With this year’s European sustainability reporting season now behind us, ESG reporting platform Position Green has looked into the key data trends and challenges facing firms.
Platform Onboarding Director Petter Olson noted that the sustainability reporting field is rapidly transforming in conjunction with the rise in demand. The driving forces of the transformation is the rising interest in sustainable finance and new investor demands. Olson stated these factors are shaping how sustainability data is being treated and managed.
Sustainability reporting has changed from being primarily ‘open to interpretation’ to a much more transparent and standardised approach. As a result, firms are looking at what and how they must report so they meet compliance. The Position Green ESG software provides surveys and standard measure templates to support this.
One of the current trends Olson has noted is that businesses are incorporating more levels of documentation to support their data collection. He stated that they might include supporting documentation alongside the reported figures, such as Energy Attribute Certificates, EPDs and invoices.
There is also a greater awareness of the various methodologies and principles that are used within, such as the GHG Protocol – Corporate Standard.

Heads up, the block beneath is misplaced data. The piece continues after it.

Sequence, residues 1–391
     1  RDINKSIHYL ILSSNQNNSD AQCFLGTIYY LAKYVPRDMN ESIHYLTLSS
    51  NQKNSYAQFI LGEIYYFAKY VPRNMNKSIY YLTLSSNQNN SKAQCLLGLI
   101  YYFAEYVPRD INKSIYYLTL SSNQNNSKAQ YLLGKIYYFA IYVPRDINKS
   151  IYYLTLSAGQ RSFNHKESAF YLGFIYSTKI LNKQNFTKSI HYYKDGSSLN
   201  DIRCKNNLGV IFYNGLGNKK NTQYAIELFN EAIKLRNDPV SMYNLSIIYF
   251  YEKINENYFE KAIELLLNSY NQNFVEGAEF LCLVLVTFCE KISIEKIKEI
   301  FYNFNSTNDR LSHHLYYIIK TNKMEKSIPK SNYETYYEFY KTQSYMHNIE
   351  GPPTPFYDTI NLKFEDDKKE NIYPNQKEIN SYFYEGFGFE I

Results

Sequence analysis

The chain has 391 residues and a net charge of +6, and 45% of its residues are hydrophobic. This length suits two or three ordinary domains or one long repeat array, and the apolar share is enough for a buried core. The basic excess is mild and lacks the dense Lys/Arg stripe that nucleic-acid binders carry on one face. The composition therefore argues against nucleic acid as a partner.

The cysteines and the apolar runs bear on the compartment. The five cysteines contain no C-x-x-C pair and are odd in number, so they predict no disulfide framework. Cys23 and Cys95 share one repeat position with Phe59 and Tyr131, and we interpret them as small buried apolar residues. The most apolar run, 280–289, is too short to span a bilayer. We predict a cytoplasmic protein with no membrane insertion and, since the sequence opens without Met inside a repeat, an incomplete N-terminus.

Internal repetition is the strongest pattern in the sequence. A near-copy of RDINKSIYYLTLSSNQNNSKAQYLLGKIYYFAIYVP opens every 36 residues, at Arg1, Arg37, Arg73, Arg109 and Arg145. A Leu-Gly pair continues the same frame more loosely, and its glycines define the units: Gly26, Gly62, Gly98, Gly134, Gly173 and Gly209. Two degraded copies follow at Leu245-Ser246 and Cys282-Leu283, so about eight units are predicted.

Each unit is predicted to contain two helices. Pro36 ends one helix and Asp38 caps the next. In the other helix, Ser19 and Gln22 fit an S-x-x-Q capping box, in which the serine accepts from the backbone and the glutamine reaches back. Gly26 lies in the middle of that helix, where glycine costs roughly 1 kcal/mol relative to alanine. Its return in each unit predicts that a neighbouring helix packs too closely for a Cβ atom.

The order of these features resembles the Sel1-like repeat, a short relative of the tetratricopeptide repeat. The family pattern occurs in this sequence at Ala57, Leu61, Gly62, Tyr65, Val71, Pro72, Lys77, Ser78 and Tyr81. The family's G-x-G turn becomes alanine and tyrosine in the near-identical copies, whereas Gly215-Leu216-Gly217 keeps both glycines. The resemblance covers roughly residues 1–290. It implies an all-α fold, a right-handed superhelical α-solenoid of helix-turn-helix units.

He added, “Companies that use the Four Eyes Principle or Internal Review approach, in which data is controlled and verified by a sustainability controller, are also increasing the overall data accuracy. In response to this trend, we’ve introduced supporting features to facilitate this procedure in the platform.”
As for the material, Olson said many businesses have put time and effort into improving their Scope 3 data. “The expectation that Scope 3 may turn into a required disclosure under the ESRS is the reason for this.”
Other clear trends include switching to quarterly GHG reporting, broadening the scope of disclosures in line with GRI and adjusting to the GRI 1012 standard.
Olson concluded, “Some companies are starting at a basic level in terms of how the existing frameworks are interpreted and used. While the scope is expanding, it can be difficult to start doing things correctly. For many businesses, effective reporting practices and stakeholder engagement are key challenges. Because of this, even though the new reporting standards may not be directly applicable until the following year or later, it is crucial to start preparing your organisation now.”
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